Port Stephens is rated
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Port Stephens - NSW
In recent years, both these popular holiday spots have received a steady
stream of holidaymakers as well as a growing number of permanent
residents. In spite of being well fished, both waterways are well
stocked with a great variety of good-sized fish.
The largest tidal
lake on the New South Wales coast, Lake Macquarie is a natural breeding
ground and nursery for many species of fish. The numerous sandflats,
channels, deepwater locations and artificial reefs provide a rich source
of marine life all year round. Some of the top fishing locations include
Swansea, Belmont, Toronto, Belmont Beach, Wangi, Warner's Bay and Coal
A deep, natural harbour, Port Stephens is situated approximately
210km north of Sydney and provides anglers with all aspects of holiday
fishing from handlining to superb game fishing.
Every type of estuary fish can be caught from many locations but
local knowledge is helpful in deciding where to
fish. Some of the best spots are Tea Gardens, Hawks Nest, Karnak,
Lemon Tree Passage, Soldiers Point, Nelson Bay, Shoal Bay, Broughton
Island and Tomaree Head through to Anna Bay.
The channel entrance to the lake at Swansea is a renowned `hot spot'.
Flathead, flounder, bream and whiting can be taken from the many
sandflats which are accessible to waders. Luderick can be captured at
certain times of the year, as well as jewfish, kingfish and tailor.
Belmont and Toronto
In the northerly part of the lake, above these two areas, whiting,
bream and flathead are regular catches.
On the ocean-front beach, bream, flathead, jewfish and tailor are
taken consistently on the incoming tide.
Wangi, Warner's Bay and Coal Point
The New South Wales State Fisheries have laid a six artificial
reefs at these locations. Now encrusted with marine vegetation, the
reefs attract many fish including luderick, sea pike, yellowtail, bream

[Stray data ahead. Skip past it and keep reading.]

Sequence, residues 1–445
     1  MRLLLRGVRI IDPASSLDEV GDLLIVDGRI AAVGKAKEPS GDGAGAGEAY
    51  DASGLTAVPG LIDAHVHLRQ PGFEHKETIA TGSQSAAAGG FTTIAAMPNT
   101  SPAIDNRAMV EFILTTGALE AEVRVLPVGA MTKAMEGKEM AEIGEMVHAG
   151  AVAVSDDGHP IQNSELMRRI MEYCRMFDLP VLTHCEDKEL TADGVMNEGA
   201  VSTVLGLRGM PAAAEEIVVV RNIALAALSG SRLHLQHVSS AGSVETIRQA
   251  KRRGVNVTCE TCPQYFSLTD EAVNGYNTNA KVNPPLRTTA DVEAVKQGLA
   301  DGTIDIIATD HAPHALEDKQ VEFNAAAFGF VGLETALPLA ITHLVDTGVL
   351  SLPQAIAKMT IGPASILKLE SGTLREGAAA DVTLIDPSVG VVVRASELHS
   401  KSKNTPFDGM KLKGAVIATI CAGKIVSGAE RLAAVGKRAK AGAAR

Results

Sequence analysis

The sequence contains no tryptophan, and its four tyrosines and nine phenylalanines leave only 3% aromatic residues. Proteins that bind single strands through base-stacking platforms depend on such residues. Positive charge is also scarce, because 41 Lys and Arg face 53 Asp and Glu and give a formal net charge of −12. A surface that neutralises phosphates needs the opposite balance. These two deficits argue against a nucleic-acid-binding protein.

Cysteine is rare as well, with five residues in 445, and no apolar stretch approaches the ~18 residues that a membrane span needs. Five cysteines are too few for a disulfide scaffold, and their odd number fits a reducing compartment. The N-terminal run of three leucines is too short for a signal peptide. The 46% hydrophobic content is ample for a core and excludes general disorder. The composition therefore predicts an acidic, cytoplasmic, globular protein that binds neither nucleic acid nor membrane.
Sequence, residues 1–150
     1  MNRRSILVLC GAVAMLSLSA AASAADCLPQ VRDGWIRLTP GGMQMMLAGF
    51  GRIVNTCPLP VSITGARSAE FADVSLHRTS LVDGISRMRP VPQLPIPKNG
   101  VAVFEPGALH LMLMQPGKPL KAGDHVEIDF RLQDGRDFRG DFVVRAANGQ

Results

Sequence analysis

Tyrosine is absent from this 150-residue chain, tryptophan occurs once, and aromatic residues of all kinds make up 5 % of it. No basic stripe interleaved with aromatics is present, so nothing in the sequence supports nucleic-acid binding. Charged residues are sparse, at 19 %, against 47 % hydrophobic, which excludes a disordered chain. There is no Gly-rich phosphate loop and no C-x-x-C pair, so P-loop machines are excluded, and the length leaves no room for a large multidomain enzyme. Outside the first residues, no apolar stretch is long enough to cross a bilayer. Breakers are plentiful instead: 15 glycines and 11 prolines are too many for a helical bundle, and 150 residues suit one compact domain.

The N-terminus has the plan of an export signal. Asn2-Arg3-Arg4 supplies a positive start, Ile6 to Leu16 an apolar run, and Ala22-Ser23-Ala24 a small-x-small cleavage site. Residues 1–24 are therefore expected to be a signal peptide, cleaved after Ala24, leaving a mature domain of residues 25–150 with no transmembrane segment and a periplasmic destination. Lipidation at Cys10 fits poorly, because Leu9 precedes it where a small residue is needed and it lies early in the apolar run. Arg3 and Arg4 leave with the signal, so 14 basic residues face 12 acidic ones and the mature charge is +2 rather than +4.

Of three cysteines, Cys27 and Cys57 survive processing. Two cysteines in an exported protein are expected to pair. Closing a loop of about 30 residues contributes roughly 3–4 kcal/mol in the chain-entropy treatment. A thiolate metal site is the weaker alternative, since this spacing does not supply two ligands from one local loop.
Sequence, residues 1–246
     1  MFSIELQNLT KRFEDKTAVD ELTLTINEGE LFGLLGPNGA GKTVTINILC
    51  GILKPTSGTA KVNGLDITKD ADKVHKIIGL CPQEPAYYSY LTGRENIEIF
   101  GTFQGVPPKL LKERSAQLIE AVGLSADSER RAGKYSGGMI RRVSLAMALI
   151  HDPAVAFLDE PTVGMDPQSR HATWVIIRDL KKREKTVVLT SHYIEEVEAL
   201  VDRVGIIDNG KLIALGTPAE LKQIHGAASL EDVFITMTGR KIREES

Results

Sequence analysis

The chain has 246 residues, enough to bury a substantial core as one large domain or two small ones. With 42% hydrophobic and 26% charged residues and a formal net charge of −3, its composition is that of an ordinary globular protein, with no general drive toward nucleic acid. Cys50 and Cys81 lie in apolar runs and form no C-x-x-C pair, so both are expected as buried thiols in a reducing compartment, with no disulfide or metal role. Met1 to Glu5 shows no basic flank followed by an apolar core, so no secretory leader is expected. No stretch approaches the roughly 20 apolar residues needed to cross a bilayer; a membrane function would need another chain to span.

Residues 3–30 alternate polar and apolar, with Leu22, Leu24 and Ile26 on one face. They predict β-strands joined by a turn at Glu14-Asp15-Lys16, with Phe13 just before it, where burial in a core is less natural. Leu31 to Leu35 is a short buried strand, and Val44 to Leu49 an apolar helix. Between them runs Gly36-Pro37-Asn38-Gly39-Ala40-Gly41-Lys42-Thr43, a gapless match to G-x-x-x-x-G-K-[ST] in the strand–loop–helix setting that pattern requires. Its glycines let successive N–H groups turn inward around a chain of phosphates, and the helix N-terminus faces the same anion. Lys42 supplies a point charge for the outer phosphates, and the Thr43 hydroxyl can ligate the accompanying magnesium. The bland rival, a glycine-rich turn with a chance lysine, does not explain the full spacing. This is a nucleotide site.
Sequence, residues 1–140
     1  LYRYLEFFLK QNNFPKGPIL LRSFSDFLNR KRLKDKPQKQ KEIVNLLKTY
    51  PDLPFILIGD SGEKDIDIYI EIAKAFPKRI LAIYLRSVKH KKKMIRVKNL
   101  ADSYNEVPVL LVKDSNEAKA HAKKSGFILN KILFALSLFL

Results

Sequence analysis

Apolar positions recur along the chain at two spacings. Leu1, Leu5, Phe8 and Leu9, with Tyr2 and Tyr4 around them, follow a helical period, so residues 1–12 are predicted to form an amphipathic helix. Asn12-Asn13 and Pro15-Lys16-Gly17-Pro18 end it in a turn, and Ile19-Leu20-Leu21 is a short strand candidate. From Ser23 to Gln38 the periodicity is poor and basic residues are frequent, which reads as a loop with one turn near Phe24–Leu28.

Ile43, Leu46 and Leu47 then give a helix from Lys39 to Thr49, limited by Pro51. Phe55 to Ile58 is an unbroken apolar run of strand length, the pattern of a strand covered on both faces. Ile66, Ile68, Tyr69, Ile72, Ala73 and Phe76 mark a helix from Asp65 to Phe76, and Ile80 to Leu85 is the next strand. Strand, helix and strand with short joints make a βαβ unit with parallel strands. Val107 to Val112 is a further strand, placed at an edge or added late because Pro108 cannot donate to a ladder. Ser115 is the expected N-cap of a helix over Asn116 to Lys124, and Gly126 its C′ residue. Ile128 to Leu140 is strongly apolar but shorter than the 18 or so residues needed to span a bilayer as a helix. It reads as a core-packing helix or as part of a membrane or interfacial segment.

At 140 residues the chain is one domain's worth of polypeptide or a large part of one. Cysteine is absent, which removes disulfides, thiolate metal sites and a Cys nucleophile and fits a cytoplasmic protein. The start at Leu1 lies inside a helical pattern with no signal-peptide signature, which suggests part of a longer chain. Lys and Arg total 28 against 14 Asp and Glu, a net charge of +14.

On the northern arm of the harbour, Tea Gardens is famous for the
size and quantity of luderick taken in the channels. Black bream are
also prolific in this area.
This growing holiday resort boasts both beach and estuary fishing.
The headland at Yacaaba has top rock fishing for tailor, snapper and
jewfish. In the estuary, leatherjacket, bream and luderick may be taken.
In the upper reaches where the Karuah River flows into the estuary,
bream, whiting and luderick are taken in the shallows. Boat anglers will
encounter flathead, sole and flounder. Also a good spot for blue swimmer
Lemon Tree Passage
These sheltered waters are ideal for boat anglers seeking flathead,
bream, whiting and luderick. In deeper water, squire and jewfish can be
A top spot for whiting, especially from November to January when they
are particularly plentiful. Off the tip of the point, Middle Island is a
'hot spot' for snapper and jewfish.
Boat anglers will take plenty of whiting in summer. The rocks at Fly
Point are a top bream and luderick location. Flathead, bream and whiting
can be taken from Little Beach.
During February and March, Shoal Bay is a base for game fishermen who
head for offshore Broughton Island in search of marlin, shark, snapper
and kingfish. Shorebound anglers will take flathead from the beach and
bream at Nelson Head.
The safe anchorage at Esmeralda Cove allows fishermen to stay
overnight and fish at dawn and dusk, the prime times at the island.
Groper, rock blackfish, snapper and kingfish can be taken from the
rocks. In the deeper waters around the island, game fishermen can try
for marlin, shark, kingfish, bonito, tuna and Spanish mackerel.
Tomaree Head to Anna Bay
Zenith Beach, Box Beach, Fingal Bay and One Mile Beach all offer
excellent beach fishing. Whiting in season, large tailor and jewfish
from headlands, and top catches of snapper, trevally, rock blackfish
(drummer) and bream are made along this coastline.